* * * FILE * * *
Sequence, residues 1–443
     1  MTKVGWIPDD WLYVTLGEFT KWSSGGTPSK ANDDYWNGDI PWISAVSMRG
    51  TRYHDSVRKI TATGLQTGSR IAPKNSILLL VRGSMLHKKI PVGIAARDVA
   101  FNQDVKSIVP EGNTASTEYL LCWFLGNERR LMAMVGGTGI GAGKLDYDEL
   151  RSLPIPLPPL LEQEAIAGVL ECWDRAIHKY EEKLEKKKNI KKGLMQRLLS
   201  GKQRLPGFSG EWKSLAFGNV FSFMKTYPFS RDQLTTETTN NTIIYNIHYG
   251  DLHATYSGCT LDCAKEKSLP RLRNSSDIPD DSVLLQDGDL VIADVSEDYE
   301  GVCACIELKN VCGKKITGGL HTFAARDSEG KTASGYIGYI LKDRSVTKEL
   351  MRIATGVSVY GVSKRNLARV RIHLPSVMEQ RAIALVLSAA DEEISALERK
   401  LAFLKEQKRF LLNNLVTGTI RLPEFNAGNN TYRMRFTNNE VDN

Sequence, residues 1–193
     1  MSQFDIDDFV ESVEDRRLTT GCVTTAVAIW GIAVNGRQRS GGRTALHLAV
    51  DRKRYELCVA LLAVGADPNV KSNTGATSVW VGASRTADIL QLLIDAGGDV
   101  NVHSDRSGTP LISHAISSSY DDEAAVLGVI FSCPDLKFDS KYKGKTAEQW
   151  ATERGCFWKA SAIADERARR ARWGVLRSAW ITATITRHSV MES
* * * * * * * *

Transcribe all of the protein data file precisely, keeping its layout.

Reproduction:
Sequence, residues 1–443
     1  MTKVGWIPDD WLYVTLGEFT KWSSGGTPSK ANDDYWNGDI PWISAVSMRG
    51  TRYHDSVRKI TATGLQTGSR IAPKNSILLL VRGSMLHKKI PVGIAARDVA
   101  FNQDVKSIVP EGNTASTEYL LCWFLGNERR LMAMVGGTGI GAGKLDYDEL
   151  RSLPIPLPPL LEQEAIAGVL ECWDRAIHKY EEKLEKKKNI KKGLMQRLLS
   201  GKQRLPGFSG EWKSLAFGNV FSFMKTYPFS RDQLTTETTN NTIIYNIHYG
   251  DLHATYSGCT LDCAKEKSLP RLRNSSDIPD DSVLLQDGDL VIADVSEDYE
   301  GVCACIELKN VCGKKITGGL HTFAARDSEG KTASGYIGYI LKDRSVTKEL
   351  MRIATGVSVY GVSKRNLARV RIHLPSVMEQ RAIALVLSAA DEEISALERK
   401  LAFLKEQKRF LLNNLVTGTI RLPEFNAGNN TYRMRFTNNE VDN

Sequence, residues 1–193
     1  MSQFDIDDFV ESVEDRRLTT GCVTTAVAIW GIAVNGRQRS GGRTALHLAV
    51  DRKRYELCVA LLAVGADPNV KSNTGATSVW VGASRTADIL QLLIDAGGDV
   101  NVHSDRSGTP LISHAISSSY DDEAAVLGVI FSCPDLKFDS KYKGKTAEQW
   151  ATERGCFWKA SAIADERARR ARWGVLRSAW ITATITRHSV MES